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League Offers Update on Key Legislative Issues at General Assembly's Halfway Point


Feb. 13 was Crossover Day in the Virginia General Assembly. This marked the halfway point of the 2024 Session and is the deadline for bills to pass out of their chamber of origin to be considered by the other chamber. From this point forward, the House may only consider bills passed by the Senate and the Senate can only consider bills passed by the House. The General Assembly Session is scheduled to adjourn (sine die) on March 9.

Roughly half of the bills introduced this year survived crossover. In the Senate, 746 bills were introduced with 459 (62%) passing. In the House, 1,540 bills were introduced with 731 (47%) passing.

Any legislation passed by both the House and Senate will be reviewed by Gov. Youngkin who has the power to sign the legislation into law, veto (defeat), allow it to become law without his signature, or propose amendments for the General Assembly to consider during veto session, slated to start on April 17.

NOTE: We reference "conference" or "conference committee" several times below. A conference committee is formed to reconcile differences in legislation that has passed both the state Senate and House of Delegates. Legislation must have the same language and form to be properly passed by the respective chambers of the legislature and forwarded to the governor for consideration.

Below is a synopsis of this year’s major issues and where they currently stand.

Credit Union/Financial Institutions

  • Public Deposits – Failed to Report from Committee.
  • Trusted Contacts on Accounts - Two differing versions passed in the House and Senate. *
    *A final version will need to be worked out in conference committee.
  • Residential PACE Loans - Failed to Report from Committee.
  • Required Affidavits for Foreclosure of Subordinate Mortgages - Passed House.


  • Minimum Wage Increase - House & Senate passed bills to increase the minimum wage to $15/hour. *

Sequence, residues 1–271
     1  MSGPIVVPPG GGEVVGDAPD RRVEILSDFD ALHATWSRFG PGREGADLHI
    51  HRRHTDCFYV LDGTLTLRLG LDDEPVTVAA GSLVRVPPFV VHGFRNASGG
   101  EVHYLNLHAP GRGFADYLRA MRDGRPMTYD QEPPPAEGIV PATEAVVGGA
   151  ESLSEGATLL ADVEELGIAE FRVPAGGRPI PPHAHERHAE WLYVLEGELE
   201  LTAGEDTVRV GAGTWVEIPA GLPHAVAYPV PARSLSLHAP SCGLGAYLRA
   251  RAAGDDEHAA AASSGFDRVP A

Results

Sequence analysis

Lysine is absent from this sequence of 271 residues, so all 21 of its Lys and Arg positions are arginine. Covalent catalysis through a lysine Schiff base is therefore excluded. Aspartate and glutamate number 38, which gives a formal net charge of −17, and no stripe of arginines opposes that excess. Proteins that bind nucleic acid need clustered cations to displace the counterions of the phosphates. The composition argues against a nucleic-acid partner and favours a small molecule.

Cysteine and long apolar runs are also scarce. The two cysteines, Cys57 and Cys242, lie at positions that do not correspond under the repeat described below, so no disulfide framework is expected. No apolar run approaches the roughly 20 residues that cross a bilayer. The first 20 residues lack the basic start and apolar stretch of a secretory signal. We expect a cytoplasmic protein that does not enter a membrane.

• Virginia Family and Medical Leave Insurance Program – House Failed, Senate Passed. *
  • Paid Sick Leave for all Employees – Failed to pass.
  • Prohibition on Seeking Pay History of Prospective Employees – Passed House. *

* Bills will likely be vetoed as Gov. Youngkin.

State Corporation Commission

House & Senate appointed two individuals to fill judge vacant seats.

  • Kelsey Bagot, an attorney with NextEra Energy and former adviser to a Federal Energy Regulatory Commission member
  • Sam Towell, an attorney for Smithfield Foods and former lawyer with the Office of the Attorney General.


  • Retail Sales of Cannabis – Two differing versions passed in the House and Senate. A final version will need to be worked out in conference. **
    *The League takes no position on cannabis use itself. We do support the passage of legislation that provides Virginia’s financial institutions with needed clarity and protections should an adult-use retail market be established in the Commonwealth.
    **Bill will likely be vetoed by Gov. Youngkin; but may be used as a bargaining chip for either tax proposals or Arena.


  • Senate - Defeated bills to enact Gov. Youngkin’s proposed tax reforms, including cutting income taxes, raising the sales tax, and expanding taxes on certain digital services. *

*Tax policies may change during the state budget process or via gubernatorial amendment.

Higher Education

  • Banning Legacy Admissions – Passed both House and Senate unanimously. *

* Gov. Youngkin has signaled he is supportive.


  • Casinos
    • Northern Virginia Casino Referendum – Failed
    • Removal of Richmond from the list of cities eligible for Casinos – Passed
    • Authorize Petersburg to hold a referendum on potential Casino - Passed
  • “Skill Games”
    • Legalization and taxation of “skill games” – 2 differing versions passed. *

*A final version will need to be worked out in conference.  

Northern Virginia Arena

  • House - Passed
  • Senate – Not Heard by Senate*

*Senate Finance Chair opposes the proposal; Democrats will likely use House legislation as a bargaining chip with Gov. Youngkin.


Most bills regulating social media platforms and the use of artificial intelligence were defeated or referred for study. Senate passed legislation aiming to restrict the use of “addictive feeds” on social media platforms that can be accessed by minors.

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